An article in the March issue of Harvard Business Review, written by former CIO Susan Cramm, discusses harsh realities associated with out-of-control IT costs.
Although cost containment is integral to reducing failed IT projects, the article suggests a certain Draconian inflexibility that just doesn't make sense.
The article includes a sidebar called "The Seven Truths", reflecting Cramm's position that, "companies overspend on IT because they are unwilling to say no to frontline managers."
Here are the seven truths (reformatted from original):
The project failures analysis
Many organizations lack sufficient discipline and control around IT spending and execution. However, relying on Draconian guiding principles that ignore realities on the ground is no solution.
For example, in point one Cramm recommends blindly killing projects when funds run out. While that sounds nice, some successful projects run over budget for legitimate reasons, often because unexpected opportunities to add value show up as work proceeds. Former CIO and project portfolio management analyst, Lewis Cardin, believes some project course corrections are valuable and he warns us against falling prey to "first number syndrome."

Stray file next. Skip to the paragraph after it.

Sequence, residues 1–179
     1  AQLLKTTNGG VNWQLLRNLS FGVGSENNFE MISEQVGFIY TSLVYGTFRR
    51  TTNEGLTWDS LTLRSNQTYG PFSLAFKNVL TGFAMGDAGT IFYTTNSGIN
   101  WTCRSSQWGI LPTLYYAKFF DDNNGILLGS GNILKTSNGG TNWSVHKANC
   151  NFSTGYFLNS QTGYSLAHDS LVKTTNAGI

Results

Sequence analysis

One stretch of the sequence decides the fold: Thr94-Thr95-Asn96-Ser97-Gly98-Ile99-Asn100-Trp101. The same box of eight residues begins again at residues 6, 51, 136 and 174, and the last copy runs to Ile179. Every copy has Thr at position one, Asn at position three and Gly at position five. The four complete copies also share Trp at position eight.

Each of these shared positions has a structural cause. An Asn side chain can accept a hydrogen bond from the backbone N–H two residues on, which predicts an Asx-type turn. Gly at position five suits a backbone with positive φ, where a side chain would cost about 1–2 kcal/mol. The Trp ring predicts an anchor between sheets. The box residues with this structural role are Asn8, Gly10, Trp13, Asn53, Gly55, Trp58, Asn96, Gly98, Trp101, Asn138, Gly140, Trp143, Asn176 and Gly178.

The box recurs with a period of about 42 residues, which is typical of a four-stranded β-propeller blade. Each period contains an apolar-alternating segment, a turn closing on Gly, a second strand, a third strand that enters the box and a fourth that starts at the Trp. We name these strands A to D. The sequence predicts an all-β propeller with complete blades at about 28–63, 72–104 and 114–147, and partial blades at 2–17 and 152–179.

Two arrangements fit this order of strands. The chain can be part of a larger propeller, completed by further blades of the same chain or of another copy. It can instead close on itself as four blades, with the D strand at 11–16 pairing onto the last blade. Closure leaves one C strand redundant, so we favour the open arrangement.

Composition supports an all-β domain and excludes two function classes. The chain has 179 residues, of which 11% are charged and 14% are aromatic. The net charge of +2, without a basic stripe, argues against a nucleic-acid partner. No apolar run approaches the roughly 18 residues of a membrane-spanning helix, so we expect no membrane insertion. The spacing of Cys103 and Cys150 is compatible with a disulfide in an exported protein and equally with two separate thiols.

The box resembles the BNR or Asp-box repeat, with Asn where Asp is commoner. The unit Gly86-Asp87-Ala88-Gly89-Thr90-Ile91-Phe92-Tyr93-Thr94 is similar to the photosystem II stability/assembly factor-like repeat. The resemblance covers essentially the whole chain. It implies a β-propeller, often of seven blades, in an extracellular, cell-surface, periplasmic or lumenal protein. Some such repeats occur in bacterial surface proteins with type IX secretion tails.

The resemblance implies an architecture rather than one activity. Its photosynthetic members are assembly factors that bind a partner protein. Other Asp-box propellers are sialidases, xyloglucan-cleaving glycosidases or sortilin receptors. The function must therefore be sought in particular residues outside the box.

On point four, discussing failure rates, Cramm suggests establishing a rule-based kill switch. I agree with this to an extent, but again, her perspective is overly mechanical. For example, should an organization automatically terminate a critical strategic initiative because the IT execution component is flawed?
Cramm's HBR article is on the right track, but I'd prefer to see her advice tempered with greater nuance and flexibility. These complex issues have no simple answers, but rigidity is definitely not the right path forward.
Michael Krigsman is CEO of Asuret, a software and consulting company dedicated to reducing software implementation failures. He also serves as CEO of Cambridge Publications, which specializes in developing tools and processes for software implementations and related business practice automation projects. Michael contributes to the IT Project Failures blog at ZDNet Asia's sister site, ZDNet.